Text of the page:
Española

Jan 14, 2018 - National Geographic Endeavour II


As we landed on Española, it was amazing to see how many sea lions were just everywhere. Some were with their moms and some had been left behind while their mothers went fishing in the ocean.  It is important to understand that some babies are very demanding when it comes to nursing, so the females normally leave the babies on the beaches while they go out to look for fish.

Española, otherwise known as Hood Island, is the oldest island in Galapagos, at an estimated four million years of age—of course, if you compare its age to the age of the planet itself, which is around 6.4 billion years, we could still see Española as a young formation. The older islands have given species more time to evolve in isolation. As we started to walk among the lava, we could see that erosion had converted the lava flows into boulders.

The strenuous walk took us to the nesting ground of the waved albatross, one of the part time inhabitants of this place. We were lucky enough to see the first pair of males circling   the landing area and eventually landing, what an incredible sighting this was and how worthwhile if made the walk for us.

The mockingbird of Española is one of the four species present on the island, so far we have had a chance to see two of the four species found in the Galapagos.  They are one of the species that got Darwin’s attention back in 1835, he collected three out of the four noticing how they have some  physical differences and he quoted: “there is a difference between the inhabitants of the different islands”…  As we continued to hike along the trail, we had a chance to see the entire breeding cycle of the Nazca boobies, couples courting, couples making a nest, couples preening each other, parents feeding chicks and independent chicks defying hawks, knowing that they are now too big for the hawks to prey upon. The albatross is an oceanic bird that only comes to land to reproduce. They have chosen this particular island because here of the cliffs from which they can take off—being oceanic, they are big and need the help of the wind to make it.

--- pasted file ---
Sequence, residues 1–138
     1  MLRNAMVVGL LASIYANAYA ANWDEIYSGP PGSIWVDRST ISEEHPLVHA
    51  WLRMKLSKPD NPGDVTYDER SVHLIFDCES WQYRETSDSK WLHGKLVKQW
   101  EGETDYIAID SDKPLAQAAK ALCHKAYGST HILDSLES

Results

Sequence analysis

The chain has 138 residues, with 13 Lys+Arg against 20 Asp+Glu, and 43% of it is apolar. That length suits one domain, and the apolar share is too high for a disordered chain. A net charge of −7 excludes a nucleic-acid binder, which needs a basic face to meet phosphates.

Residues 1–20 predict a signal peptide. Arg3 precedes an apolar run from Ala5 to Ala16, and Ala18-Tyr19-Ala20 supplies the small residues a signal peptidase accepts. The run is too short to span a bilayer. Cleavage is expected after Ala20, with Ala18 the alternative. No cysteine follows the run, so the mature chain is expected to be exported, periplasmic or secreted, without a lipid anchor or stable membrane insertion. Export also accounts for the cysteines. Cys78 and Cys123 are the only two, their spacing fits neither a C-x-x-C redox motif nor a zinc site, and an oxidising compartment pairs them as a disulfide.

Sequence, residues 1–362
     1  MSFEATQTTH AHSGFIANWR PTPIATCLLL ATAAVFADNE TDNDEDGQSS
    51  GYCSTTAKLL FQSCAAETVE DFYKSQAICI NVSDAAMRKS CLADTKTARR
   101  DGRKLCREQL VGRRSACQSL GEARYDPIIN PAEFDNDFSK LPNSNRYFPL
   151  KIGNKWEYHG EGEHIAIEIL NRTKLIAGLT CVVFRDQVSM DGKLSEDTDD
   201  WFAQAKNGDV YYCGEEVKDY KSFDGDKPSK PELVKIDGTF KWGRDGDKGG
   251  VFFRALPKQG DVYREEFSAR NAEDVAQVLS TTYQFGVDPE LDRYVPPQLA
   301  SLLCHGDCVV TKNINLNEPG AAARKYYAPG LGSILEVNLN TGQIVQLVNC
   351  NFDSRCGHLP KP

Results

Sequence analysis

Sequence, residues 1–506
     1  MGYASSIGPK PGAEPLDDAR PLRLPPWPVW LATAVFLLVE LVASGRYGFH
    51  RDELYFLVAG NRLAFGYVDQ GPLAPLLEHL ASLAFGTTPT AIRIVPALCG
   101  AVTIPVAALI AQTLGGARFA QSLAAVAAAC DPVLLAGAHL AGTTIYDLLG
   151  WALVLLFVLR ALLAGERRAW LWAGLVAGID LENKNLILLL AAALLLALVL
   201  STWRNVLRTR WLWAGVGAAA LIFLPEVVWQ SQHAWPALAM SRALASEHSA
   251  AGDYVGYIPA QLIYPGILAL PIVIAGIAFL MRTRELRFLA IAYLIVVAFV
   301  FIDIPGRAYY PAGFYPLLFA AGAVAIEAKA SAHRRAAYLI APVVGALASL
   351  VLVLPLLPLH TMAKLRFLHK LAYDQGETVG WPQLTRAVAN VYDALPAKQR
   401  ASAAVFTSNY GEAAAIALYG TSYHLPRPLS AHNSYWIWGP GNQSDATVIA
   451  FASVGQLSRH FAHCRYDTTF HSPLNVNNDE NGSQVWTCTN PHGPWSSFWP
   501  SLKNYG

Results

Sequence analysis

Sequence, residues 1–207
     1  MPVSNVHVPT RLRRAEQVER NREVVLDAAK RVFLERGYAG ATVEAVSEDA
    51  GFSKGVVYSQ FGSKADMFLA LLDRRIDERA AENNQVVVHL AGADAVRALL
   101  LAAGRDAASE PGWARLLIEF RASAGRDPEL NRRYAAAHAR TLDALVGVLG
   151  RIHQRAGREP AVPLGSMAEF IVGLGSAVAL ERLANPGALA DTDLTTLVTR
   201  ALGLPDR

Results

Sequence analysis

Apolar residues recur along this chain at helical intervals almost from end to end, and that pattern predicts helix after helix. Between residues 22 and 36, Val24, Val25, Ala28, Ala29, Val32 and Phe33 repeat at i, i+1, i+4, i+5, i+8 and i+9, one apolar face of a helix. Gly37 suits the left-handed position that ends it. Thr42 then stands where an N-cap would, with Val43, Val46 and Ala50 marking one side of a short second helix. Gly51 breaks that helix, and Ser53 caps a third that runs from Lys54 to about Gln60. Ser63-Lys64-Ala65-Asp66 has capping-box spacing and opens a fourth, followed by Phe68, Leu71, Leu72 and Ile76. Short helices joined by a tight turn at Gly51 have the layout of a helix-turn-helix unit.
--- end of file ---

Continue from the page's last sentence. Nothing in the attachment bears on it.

We returned to the ship at sunset time with a deeper understanding of how these fragile places need to be protected and preserved for future generations.

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About the Author

Ximena Cordova

Naturalist

Ximena was born in Cuenca, the third largest city of Ecuador. Located in the Andes Mountains, Cuenca is known as the cultural capital of Ecuador and is listed as a UNESCO World Heritage Trust site because of its many historical buildings. Ximena gained experience with American culture as an exchange student in Santa Barbara, CA, and later, while living and working at the United Nations in New York City for four and a half years.

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